One day last week as I was hunting for an image I came upon an entire slide carousel with each picture numbered and all in precise order. To me this was an immediately interesting exception to the haphazard arrangement that is usual with thing humans touch. On further investigation I discovered that it was a presentation called “The Way We Are: Rice University, 1981-82.” It looks like the kind of dog-and-pony show that administrators take on the road for alumni gatherings and such. I’m not sure exactly who put it together, but it really does give us a snapshot of the way we were (or at least the way we thought we were, or possibly just the way we wanted to present ourselves even though we knew better) thirty-one years ago.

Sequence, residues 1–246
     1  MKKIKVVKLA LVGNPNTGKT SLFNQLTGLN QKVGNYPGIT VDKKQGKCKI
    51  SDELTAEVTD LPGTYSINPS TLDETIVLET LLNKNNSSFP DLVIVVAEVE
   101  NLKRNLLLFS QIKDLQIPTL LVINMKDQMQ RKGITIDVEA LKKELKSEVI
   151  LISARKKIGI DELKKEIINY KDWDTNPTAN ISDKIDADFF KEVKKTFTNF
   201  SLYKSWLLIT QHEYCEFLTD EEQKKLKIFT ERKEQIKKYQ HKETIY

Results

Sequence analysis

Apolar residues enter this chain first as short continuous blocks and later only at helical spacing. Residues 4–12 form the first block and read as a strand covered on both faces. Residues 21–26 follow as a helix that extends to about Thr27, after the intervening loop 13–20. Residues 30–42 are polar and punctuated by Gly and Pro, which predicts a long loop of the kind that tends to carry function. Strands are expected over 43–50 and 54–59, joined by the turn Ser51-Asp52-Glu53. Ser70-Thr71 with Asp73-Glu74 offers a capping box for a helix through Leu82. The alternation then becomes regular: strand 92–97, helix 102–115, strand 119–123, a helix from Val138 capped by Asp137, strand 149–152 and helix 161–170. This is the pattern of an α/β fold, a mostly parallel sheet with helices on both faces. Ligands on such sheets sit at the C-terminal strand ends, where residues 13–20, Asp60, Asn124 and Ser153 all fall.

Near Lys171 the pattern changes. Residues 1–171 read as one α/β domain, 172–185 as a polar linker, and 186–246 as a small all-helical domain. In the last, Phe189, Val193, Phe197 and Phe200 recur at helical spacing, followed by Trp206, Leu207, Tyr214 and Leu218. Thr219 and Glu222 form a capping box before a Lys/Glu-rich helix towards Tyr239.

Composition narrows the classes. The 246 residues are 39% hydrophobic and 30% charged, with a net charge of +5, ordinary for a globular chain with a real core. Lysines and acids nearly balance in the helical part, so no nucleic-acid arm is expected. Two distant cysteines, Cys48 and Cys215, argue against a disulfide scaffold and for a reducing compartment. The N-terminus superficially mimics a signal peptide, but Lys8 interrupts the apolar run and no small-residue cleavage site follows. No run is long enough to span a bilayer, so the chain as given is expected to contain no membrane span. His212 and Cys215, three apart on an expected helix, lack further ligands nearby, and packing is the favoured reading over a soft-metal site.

A lot of the slides are frankly boring–at least I find them so–but I suppose they’re what people expect to see: Lovett Hall, azaleas blooming along the main entrance road, students cavorting and so on. It’s been my experience that people don’t like too many surprises and it’s certainly the case that alumni enjoy being reminded of their happy times on campus.
There’s much in this presentation, though, that has become with time genuinely touching or arresting or puzzling, all things that I’m in favor of. There’s a lot to see, but I’m going to start with something that I simply don’t understand. Can someone tell me what we’re looking at here? It was both important enough to include in the presentation and ephemeral enough that I have no idea what it is. In particular, what is behind him?
Bonus: There’s an audio tape that goes with the slides. I haven’t tried it yet. (It occurs to me just now that this post could have been included in my “Obsolete Technologies” series.)
Extra bonus: The dunce caps are still up on the light poles by the Shepherd School. The scene got even more interesting today with the addition of some logs on a golf cart.